Electric vehicles are most likely going to be our next form of transport to replace internal combustion engines, and likely we will charge them outside of our homes, overnight. But at this stage, would I hedge that this will be the case for the next 20 years? Absolutely not; the technology is still in its infancy, and Hydrogen is a competing technology that has made leaps and bounds over the last 24 months. I’m also against the idea of Labour ‘privatising our infrastructure’, which is something Labour nationally also states, but show very little evidence of putting into practice, particularly in South Tyneside.

I’m aware of dozens of dubious major contracts spanning from infrastructure upgrades to multi-decade ‘deals’ being solely peddled by single individuals in the Labour ran cabinet. The majority of the time, contractual commitments that will be around long after they have gone, end up with the next generation being left to pay the bill. Decisions made in closed door meetings as an ‘exempt’ item, with severe legal sanctions against anyone wishing to leak critical information to the public and press, because internally, scrutiny has failed.

In the grand scheme of things, this means that opposition budgets are also very difficult to create. Most of the funding available is often already committed, leaving very little room for movement. An opposition budget is forced to make small amendments or increase council tax to fund its priorities. What appears to be a democratic process, is shackled at the ankles. Even if a new party took complete control of the council tomorrow, it would take two decades (plus however long it would take to pay off all the debt) to break away from all these commitments.

Now, it’s not all doom and gloom. In 2012, the government identified that this structure was not great for decision making and introduced the aptly named ‘Localism Act’. Within the act is a process where 5% of the electors can sign a petition to trigger a referendum that would give everyone in the borough a decision to move away from the ‘Leader and Cabinet Model’.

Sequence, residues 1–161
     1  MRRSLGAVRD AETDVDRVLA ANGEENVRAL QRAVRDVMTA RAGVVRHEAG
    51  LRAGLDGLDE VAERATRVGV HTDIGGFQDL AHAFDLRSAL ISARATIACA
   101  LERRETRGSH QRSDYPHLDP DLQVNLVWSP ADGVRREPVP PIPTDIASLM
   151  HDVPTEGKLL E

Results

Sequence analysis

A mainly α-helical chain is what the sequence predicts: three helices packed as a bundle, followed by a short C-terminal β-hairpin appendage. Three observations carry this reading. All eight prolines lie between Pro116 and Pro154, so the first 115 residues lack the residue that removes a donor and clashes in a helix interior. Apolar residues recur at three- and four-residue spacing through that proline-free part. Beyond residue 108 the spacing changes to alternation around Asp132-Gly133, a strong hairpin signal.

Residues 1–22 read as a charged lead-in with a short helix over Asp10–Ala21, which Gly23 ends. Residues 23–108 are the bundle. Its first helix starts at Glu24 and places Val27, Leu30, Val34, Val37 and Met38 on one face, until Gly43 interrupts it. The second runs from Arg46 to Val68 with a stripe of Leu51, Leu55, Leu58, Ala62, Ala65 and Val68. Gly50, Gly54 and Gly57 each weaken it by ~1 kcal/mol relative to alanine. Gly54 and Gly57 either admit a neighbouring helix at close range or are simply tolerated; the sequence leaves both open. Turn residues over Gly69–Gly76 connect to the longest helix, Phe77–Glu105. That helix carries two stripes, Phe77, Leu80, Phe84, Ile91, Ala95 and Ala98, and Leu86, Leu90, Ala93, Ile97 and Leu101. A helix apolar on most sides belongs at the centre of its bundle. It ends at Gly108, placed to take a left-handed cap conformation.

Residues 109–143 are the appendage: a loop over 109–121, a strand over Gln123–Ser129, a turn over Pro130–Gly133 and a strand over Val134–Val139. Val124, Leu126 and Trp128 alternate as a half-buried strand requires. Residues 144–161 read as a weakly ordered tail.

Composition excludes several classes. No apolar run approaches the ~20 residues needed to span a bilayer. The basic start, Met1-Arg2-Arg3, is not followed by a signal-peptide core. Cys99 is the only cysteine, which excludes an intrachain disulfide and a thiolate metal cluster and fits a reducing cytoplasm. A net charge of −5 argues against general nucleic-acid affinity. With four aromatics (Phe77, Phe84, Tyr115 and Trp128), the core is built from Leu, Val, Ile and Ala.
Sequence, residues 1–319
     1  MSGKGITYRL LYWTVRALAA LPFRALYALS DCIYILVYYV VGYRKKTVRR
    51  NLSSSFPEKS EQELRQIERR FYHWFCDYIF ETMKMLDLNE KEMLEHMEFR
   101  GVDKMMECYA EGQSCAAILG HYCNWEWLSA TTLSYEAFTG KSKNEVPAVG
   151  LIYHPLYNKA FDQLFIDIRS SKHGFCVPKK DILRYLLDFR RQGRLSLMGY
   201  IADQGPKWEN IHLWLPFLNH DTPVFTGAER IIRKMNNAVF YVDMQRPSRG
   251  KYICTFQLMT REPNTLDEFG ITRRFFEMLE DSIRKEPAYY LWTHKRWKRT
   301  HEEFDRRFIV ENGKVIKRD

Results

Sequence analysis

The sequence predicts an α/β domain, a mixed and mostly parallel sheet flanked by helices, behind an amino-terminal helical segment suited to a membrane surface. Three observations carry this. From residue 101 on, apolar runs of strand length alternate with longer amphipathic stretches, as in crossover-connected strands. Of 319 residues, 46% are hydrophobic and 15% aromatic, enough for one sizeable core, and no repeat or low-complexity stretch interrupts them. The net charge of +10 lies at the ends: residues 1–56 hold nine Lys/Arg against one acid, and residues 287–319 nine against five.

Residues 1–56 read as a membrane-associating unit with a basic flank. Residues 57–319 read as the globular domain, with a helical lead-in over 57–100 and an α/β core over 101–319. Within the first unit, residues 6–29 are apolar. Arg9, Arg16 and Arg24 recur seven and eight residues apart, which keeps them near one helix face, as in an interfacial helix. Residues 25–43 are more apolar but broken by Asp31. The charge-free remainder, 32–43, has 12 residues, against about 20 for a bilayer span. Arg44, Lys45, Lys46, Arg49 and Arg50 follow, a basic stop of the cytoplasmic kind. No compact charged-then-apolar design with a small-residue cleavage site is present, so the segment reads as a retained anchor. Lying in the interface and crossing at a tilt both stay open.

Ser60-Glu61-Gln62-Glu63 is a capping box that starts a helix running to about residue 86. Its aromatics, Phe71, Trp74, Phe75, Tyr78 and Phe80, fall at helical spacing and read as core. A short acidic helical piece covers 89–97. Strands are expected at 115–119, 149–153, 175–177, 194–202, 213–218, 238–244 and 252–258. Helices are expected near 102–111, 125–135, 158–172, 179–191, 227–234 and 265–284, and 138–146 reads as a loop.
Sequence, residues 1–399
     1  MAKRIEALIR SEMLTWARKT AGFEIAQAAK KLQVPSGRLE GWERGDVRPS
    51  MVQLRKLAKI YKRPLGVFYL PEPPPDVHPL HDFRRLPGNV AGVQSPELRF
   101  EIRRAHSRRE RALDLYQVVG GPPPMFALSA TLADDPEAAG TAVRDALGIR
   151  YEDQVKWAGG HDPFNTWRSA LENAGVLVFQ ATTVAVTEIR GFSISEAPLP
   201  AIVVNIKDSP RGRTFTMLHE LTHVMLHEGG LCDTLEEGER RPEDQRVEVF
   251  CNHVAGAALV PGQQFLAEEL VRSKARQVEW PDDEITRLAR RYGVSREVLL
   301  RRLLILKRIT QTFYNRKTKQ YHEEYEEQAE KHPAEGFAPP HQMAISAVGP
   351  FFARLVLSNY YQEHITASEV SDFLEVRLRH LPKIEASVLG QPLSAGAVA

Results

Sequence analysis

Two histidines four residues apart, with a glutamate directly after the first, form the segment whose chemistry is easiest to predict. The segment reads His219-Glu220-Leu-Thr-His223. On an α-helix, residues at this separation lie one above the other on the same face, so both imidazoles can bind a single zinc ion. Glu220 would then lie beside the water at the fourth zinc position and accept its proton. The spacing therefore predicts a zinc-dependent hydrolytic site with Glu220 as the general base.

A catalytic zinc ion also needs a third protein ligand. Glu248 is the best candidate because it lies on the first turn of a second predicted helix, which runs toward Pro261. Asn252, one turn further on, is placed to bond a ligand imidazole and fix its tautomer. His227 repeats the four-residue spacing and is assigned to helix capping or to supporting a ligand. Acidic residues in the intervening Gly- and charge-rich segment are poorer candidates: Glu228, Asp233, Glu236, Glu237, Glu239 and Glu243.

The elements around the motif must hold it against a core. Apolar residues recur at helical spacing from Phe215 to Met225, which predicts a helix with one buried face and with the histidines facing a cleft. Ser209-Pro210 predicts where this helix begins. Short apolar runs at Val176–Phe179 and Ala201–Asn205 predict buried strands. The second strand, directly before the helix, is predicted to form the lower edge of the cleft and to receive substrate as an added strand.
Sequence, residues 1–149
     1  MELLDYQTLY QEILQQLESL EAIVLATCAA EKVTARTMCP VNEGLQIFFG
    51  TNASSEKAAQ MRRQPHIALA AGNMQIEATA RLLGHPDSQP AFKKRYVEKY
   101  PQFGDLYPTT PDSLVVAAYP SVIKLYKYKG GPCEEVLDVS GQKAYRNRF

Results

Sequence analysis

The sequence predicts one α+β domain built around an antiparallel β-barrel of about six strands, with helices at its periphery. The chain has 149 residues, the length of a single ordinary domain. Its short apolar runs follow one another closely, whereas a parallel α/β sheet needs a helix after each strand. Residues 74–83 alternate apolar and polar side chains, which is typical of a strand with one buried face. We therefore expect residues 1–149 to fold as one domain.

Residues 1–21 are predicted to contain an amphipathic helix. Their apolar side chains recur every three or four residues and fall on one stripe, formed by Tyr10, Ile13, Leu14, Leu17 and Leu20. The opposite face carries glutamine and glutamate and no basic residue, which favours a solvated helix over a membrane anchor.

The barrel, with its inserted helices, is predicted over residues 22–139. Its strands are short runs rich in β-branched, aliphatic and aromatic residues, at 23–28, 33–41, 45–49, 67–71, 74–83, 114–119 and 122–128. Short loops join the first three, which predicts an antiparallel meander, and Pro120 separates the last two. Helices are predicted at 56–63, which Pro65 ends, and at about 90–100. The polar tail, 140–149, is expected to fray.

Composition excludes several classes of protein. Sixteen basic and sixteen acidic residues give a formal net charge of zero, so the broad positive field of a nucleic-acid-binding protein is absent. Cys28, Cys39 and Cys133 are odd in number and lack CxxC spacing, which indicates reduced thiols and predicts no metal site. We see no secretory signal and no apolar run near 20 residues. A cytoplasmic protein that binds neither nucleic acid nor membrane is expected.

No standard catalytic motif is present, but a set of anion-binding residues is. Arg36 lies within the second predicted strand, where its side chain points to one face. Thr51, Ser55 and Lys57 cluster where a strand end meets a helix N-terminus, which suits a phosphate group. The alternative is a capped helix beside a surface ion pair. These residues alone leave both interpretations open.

Currently in South Tyneside, just 5658 people need to sign this petition.

Several groups, both political and non-political, have started raising awareness of how the current system works, and raising awareness around the benefits of shifting to a ‘committee-based’ system. This is imperative before someone kick starts the process. After all, the residents need to understand the ins and outs of ‘who is making the decisions around here’, otherwise, a referendum called could have a very low turnout, and be widely misunderstood.

Sheffield is the one area that has dared to do this, after they got sick of the council’s decision-making being down to 10 councillors (sound familiar?) and organised a campaign to switch to a committee-based model. It was national news as the council tried everything to disrupt the mechanism. The result of the referendum was 89,670 for the change, and 48,727 against.